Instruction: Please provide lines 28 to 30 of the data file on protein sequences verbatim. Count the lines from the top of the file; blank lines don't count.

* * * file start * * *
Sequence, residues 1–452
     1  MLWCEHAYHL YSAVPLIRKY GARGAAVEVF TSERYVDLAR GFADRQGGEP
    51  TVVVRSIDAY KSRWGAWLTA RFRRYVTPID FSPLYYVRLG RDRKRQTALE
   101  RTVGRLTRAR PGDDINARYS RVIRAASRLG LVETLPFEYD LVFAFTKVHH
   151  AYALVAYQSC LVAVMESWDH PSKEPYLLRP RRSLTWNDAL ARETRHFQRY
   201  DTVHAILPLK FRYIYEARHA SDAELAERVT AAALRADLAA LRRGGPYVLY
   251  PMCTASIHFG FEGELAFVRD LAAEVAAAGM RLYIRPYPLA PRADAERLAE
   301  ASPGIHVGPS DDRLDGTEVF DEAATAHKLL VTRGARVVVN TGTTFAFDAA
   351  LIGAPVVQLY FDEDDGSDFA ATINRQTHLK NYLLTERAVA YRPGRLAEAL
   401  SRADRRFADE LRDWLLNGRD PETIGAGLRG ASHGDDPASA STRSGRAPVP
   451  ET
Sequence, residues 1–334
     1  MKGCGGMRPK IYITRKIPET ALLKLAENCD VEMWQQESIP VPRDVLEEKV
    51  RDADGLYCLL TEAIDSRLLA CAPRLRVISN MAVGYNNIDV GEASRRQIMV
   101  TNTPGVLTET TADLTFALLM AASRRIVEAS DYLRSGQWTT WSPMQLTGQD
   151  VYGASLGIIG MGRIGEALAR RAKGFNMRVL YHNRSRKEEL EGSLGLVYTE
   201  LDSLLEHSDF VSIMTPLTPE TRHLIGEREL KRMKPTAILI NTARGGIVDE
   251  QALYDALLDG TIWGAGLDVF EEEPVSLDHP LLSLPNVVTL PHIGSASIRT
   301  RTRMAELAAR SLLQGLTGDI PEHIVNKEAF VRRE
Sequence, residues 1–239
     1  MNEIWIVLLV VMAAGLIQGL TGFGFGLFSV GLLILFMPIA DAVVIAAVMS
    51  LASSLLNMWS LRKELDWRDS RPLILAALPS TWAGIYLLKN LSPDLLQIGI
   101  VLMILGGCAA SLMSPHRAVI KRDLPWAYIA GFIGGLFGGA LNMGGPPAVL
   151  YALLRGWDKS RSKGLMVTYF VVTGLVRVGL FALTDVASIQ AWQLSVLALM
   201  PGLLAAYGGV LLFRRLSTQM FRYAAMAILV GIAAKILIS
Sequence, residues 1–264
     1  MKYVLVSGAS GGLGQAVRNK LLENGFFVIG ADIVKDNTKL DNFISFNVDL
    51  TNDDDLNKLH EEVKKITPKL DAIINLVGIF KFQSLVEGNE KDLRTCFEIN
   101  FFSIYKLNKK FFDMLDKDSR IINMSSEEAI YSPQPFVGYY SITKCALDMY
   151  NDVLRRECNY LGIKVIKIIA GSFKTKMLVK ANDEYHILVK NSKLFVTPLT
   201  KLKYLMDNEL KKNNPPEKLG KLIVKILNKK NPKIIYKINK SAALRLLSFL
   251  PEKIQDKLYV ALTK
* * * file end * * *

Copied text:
    51  TNDDDLNKLH EEVKKITPKL DAIINLVGIF KFQSLVEGNE KDLRTCFEIN
   101  FFSIYKLNKK FFDMLDKDSR IINMSSEEAI YSPQPFVGYY SITKCALDMY
   151  NDVLRRECNY LGIKVIKIIA GSFKTKMLVK ANDEYHILVK NSKLFVTPLT